An Excerpt from the May 2012 Bulletin of the
International Association of Emergency Managers (IAEM)

Here’s a plain text version as well:

Identifying Technological Gaps in Your Digital Toolbox
By Pascal Schuback, Scott Reuter, and Todd Jasper, IAEM-USA Emerging Technology Caucus

With almost every agency facing budget limitations, emergency managers being asked to do more with less. In response, many are having to become more innovative than ever before. In a sense, we are transforming into digital MacGuyvers by taking free, commercial-off-the-shelf software and repurposing it for emergency management.

The reality is that when seconds count and lives are in jeopardy, your budget may only allow for one license of a particular software. The answer is to strategically re-examine our digital toolboxes with an eye towards shrinking budgets. When was the last time you did a technical inventory of your toolbox? Could we be using our tools to do more? Are we using all our technology the best we can?

  • PHONES In the hunt for low-hanging digital fruit, the first item to consider is the ubiquitous desk phone. If we all have cell phones, why do we still pay for desk phones? Since most cell phones come with free long distance and roaming charges are almost unheard of, desk phones may be on their way to becoming an endangered technology. While it is always helpful to maintain technological redundancy, the need for dozens of analog phone lines is certainly lapsing.
  • PERSONAL DEVICES As emergency managers become more mobile, some are finding it is more cost-effective to replace desktops with laptops and replace some laptops with tablets. Other jurisdictions are giving in and adopting a “BYOD”, or “Bring Your Own Device” policy. In an environment in which personal devices often surpass the abilities of government-issued technologies, it is no surprise that many employers are making the shift to allow employees to use their own devices.
  • ONLINE CONFERENCE TOOLS While mobility is essential, the irony is that travel budgets are disappearing. To overcome travel limitations, there are many impressive tools that are thankfully free. Skype, Google+, and PiratePad are all examples of free technologies for collaboration over distance. Another simple tool for overcoming travel limitations is Ustream. Ustream is a free service that provides opportunities for conference attendees to participate who cannot physically be present. The service improves transparency to meetings and decision-making. Best of all, Ustream is accessible from smartphones.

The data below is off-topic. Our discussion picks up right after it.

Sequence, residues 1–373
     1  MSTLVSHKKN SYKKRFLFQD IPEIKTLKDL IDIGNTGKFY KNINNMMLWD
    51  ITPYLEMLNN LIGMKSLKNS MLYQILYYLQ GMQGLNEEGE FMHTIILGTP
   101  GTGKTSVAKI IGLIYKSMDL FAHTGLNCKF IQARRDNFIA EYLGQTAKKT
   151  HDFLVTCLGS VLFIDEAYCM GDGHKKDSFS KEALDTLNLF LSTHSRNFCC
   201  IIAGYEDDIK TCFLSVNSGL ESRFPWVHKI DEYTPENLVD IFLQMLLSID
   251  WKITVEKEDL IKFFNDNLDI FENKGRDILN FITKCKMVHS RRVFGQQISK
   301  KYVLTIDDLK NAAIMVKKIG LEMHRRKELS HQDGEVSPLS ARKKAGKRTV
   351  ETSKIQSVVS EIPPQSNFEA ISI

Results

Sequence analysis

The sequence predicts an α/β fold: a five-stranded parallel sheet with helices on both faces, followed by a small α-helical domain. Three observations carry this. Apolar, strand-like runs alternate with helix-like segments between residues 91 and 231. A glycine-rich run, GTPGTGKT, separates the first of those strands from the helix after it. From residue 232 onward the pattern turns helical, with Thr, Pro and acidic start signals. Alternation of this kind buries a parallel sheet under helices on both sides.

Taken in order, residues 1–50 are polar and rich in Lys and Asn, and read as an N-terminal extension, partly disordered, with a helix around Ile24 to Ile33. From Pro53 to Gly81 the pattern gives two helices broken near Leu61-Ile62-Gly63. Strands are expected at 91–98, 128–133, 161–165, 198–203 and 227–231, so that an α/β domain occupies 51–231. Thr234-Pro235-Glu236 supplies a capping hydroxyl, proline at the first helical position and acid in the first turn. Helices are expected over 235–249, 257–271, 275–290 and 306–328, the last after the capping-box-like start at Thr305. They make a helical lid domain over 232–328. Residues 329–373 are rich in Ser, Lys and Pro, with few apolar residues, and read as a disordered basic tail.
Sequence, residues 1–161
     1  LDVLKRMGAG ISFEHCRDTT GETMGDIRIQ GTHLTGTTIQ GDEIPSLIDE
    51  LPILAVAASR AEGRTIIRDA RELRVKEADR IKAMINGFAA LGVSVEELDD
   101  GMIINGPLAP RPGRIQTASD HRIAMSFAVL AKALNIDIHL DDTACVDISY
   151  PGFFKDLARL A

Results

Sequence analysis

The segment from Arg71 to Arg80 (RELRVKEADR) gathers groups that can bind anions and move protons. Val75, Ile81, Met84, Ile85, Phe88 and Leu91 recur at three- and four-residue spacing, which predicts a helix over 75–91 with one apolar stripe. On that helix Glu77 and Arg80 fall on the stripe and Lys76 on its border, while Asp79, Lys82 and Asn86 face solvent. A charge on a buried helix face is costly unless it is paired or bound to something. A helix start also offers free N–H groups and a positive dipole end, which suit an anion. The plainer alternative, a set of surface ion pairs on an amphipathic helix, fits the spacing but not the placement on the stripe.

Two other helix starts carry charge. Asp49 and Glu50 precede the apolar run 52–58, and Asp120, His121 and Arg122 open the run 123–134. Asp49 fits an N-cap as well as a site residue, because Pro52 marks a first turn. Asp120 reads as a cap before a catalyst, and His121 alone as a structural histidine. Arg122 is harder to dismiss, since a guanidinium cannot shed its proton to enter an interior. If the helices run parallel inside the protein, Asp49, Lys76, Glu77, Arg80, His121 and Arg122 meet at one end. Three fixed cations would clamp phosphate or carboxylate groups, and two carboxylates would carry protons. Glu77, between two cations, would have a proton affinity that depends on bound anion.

• VIRTUAL SERVICES Additionally, as more technologies move to “the cloud”, virtual services such as virtual desktops, servers and even virtual operations are all tools to consider in our toolboxes.For instance, virtual desktops provide the ability to have all of the tools that you need anywhere you can connect. The use of VPN’s (Virtual Private Networks) allows users access their employer’s documents and systems as if they are sitting at their workspaces. The ability to use virtual products like Dropbox, and Evernote is rapidly improving technological redundancy and resiliency. If an emergency operations center is flooded and its servers are destroyed, being able to utilize cloud-based redundancy can be a literal lifesaver.
  • VIRTUAL OPERATIONS SUPPORT TEAM Another concept that is spreading rapidly is the virtual operations support team (VOST) movement. VOSTs are staffed by trusted agents using the aforementioned tools and others to remotely support incidents or planned events in liaison with those on site. Incidents and events generate enormous amounts of data. VOST members can provide expert care in filtering through the data and supporting the actual response and recovery from a virtual posture..

While MacGyver may have used duct tape and paper clips, the modern emergency manager is finding the need for digital workarounds when budgets are tight. As new products, systems and techniques become available, adapting and mastering emerging technologies for emergency management purposes is likely to become the new norm.